Around the world, central banks and policymakers are grasping for levers that can help economies muddle through a COVID-19 pandemic. Now it has already arrived in more than 150 countries. As quarantine and isolation measures against coronavirus spreading pick up momentum in various critical markets, there is an air of panic about what lies ahead.
Until recently, investors were enjoying substantial gains. With world markets now in serious turmoil, COVID-19 has probably brought this trend to an end. Market confidence is weak. Besides, asset prices are very unstable. Many stock markets are down by around 20% from January peaks, while oil has been destabilized by the price war between the Saudis and Russians.
Measures taken by the central banks
The U.S. Federal Reserve has rolled out an aggressive macroeconomic stimulus package and also virtually erased what was left of its benchmark interest rate in a desperate bid to spare the world’s biggest economy from a deep, coronavirus-induced recession. The European Central Bank (ECB), without much room to maneuver on interest rates already low, unveiled a new, €750 billion bond-buying program in response to COVID-19. The measure was announced after the US had announced a $700 billion program on a day.
The coronavirus emergency is a classic case of an “external threat”. Thus, it calls for bold and timely measures to make the world markets more stable. The big issue is what happens if the COVID-19 persists and default rates on the debt increase. In this case, central banks and governments would have to step in with more assistance.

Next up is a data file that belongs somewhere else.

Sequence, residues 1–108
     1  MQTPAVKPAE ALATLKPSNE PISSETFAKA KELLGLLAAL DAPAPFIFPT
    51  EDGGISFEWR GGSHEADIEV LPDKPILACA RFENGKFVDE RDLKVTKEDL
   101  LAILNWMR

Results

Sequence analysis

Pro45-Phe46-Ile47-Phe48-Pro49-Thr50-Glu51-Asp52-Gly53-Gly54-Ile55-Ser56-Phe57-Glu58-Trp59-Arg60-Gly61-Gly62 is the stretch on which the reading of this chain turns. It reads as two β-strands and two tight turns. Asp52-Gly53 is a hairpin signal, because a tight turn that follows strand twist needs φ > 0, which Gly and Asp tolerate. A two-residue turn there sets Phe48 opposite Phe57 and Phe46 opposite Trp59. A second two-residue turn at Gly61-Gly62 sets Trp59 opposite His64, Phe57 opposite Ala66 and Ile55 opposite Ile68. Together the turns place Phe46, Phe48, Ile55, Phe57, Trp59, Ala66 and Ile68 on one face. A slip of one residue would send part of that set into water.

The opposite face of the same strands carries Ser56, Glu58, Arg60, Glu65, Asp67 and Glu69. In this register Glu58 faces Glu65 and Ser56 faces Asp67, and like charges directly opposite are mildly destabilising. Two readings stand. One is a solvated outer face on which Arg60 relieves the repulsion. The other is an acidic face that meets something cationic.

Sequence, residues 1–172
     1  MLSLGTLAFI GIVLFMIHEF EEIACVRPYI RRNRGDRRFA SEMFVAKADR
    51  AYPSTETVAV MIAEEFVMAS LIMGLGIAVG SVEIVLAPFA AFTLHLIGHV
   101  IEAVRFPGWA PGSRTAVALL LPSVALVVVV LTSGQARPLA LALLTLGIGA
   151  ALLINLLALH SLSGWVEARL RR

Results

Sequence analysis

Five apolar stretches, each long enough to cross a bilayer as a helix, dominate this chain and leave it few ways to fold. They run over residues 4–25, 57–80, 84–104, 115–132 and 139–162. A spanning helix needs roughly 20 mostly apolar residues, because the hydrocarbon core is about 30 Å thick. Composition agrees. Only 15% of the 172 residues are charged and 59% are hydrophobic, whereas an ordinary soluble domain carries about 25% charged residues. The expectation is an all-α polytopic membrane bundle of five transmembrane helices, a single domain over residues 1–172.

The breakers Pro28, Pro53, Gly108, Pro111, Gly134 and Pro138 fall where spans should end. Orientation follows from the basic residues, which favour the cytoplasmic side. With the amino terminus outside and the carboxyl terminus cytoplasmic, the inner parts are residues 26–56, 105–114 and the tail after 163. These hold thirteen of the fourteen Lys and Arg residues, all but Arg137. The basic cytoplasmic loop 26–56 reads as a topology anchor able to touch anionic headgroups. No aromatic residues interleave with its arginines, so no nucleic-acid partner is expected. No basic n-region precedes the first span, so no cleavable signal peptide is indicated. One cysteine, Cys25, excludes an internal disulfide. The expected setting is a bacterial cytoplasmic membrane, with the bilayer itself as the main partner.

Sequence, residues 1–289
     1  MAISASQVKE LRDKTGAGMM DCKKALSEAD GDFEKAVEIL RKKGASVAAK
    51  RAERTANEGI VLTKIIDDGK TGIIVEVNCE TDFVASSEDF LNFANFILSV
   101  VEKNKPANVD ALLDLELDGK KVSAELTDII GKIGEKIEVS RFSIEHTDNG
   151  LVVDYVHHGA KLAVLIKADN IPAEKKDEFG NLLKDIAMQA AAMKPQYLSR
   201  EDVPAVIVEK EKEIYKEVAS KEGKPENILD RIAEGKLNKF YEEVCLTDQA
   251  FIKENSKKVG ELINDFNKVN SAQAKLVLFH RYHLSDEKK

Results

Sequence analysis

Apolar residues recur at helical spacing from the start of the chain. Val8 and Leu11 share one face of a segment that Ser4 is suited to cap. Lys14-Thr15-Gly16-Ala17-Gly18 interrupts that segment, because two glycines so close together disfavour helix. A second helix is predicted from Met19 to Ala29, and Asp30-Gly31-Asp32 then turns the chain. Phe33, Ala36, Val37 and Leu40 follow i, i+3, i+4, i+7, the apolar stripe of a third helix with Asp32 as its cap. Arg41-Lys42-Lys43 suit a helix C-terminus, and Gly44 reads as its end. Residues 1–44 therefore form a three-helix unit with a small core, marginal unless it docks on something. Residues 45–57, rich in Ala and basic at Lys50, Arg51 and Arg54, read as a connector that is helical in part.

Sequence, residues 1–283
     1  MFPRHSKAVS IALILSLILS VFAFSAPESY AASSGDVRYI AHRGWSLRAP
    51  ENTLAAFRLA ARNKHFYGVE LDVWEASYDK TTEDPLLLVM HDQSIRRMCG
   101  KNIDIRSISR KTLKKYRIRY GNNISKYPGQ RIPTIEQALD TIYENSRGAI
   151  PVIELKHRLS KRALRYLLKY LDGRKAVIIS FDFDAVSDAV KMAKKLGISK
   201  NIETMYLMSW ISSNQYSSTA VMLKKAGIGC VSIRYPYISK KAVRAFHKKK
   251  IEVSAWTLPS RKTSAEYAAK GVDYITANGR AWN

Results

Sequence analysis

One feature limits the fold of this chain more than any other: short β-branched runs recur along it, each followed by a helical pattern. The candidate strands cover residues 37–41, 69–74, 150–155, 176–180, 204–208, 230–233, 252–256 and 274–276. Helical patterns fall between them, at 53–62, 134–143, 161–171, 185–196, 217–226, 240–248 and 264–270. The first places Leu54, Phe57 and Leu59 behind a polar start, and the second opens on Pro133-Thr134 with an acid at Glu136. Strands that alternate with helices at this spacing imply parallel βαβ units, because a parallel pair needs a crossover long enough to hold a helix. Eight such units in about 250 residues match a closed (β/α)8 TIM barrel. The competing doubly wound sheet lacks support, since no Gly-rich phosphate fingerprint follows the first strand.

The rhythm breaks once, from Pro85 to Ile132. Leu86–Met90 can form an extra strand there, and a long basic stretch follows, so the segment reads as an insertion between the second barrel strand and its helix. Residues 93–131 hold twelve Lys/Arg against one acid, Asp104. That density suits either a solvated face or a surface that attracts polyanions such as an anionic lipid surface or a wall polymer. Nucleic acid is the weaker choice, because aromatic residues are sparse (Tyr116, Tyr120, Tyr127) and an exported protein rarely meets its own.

An important change in the epicenter of COVID-19
With more citizens infected than in China, the European Union is now the world’s COVID-19 epicenter. Europe is finding it politically challenging to implement timely and macroeconomic stabilization measures in coronavirus crisis, mainly because of its institutional framework with no centralized fiscal authority. Euro-area finance ministers’ common response they wish, without worrying about European fiscal rules.
The EBC package against COVID-19 actually consists of a bank-subsidy scheme. It enables financial institutions to borrow from the central bank at below the ECB’s deposit rate. Such loans will impose limited financial losses on the ECB while shoring up euro area banks’ capital position.
Even if policymakers do manage to keep pumping money into economies, it remains unclear whether that will be decisive to help markets against coronavirus crises. If containment measures fail, the central banks may still end up in trouble. They may also stop lending again and a long-term recession would become a certainty. In such a situation, we would be in truly uncharted territory after COVID-19.